It always interests me to hear what occupies the minds of the best and brightest real estate presenters from around the world. I’m also ever curious to see what the vendors at NAR and other conferences are peddling to make us all more successful year after year.  I always try to find a theme or thread to what is going on. What direction do the messages and images point toward?

It seemed to me a few years ago there was a tremendous volume of vendors concentrated on increased agent productivity. I think that every imaginable technical gadget and gizmo to instantly or automatically perform every conceivable function was offered. It never ceases to amaze me the things that can be done with a smart device, mail merge, and a great cookie recipe!

But with the increase in systems and technology, which I embrace and applaud, there seems to be a lessening of talk and teaching about making sure that every action be what I describe as “customer-centric”. In my small but active mind, the definition of customer-centric is to ensure that every action and attitude has a real value to the customer and that the customer’s best interest is at the center of every decision, device, or direction.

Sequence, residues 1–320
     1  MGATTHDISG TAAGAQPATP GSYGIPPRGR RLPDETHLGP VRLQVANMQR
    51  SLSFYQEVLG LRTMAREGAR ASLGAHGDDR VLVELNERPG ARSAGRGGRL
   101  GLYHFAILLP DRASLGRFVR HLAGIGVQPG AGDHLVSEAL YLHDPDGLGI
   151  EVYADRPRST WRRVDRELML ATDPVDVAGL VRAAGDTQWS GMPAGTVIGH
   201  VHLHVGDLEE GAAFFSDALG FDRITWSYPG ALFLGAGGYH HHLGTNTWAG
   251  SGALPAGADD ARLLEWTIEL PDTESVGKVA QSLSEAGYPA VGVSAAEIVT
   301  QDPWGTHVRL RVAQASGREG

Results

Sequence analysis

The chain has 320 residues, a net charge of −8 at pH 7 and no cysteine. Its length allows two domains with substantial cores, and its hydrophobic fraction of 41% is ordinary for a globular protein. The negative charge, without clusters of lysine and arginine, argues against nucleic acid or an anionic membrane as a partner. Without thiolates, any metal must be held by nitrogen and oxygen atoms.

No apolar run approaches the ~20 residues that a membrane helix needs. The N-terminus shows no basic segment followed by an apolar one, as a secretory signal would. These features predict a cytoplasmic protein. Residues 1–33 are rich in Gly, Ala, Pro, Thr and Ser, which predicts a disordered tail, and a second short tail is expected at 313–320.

Calls come to me almost daily from agents asking how to handle especially difficult disclosures. These calls are actually enjoyable to me! They make me feel that my opinion is valued as someone who might have special knowledge or insight. It feels good to be helpful.

I’ll often go to great lengths to be sure the agent understands what the problem is, how it can adversely effect the homeowner, how the proper repair might be done, how to find a contractor to repair it, and the risks posed if left unattended. Then much to my disbelief, the agent will ask if that particular problem is required to be disclosed!

The logic escapes me as to why I’m asked this question! Oh, I understand that complete disclosure can potentially put the deal at risk, but full disclosure, when properly presented, seldom dooms a deal. Rather than engage in a great debate on the merits, statutes, and ethics of disclosure, I have found a thought that most always makes matters clear. I simply ask,

“If your mother were buying this home, what would you want her to know, how would you explain it, and what recommendations would you make to her?”

When I present this thought to real estate professionals, I’m usually met by a brief silence, followed by the agent telling me that they would want their mother to know everything, that they would explain things in simple detail, then weigh the options together so that Mom would be comfortable with the home. Seems like the perfect approach to full disclosure to me!

The lesson is this: simply treat every customer with the same care and concern that you would show your own mother and you will be “customer-centric”!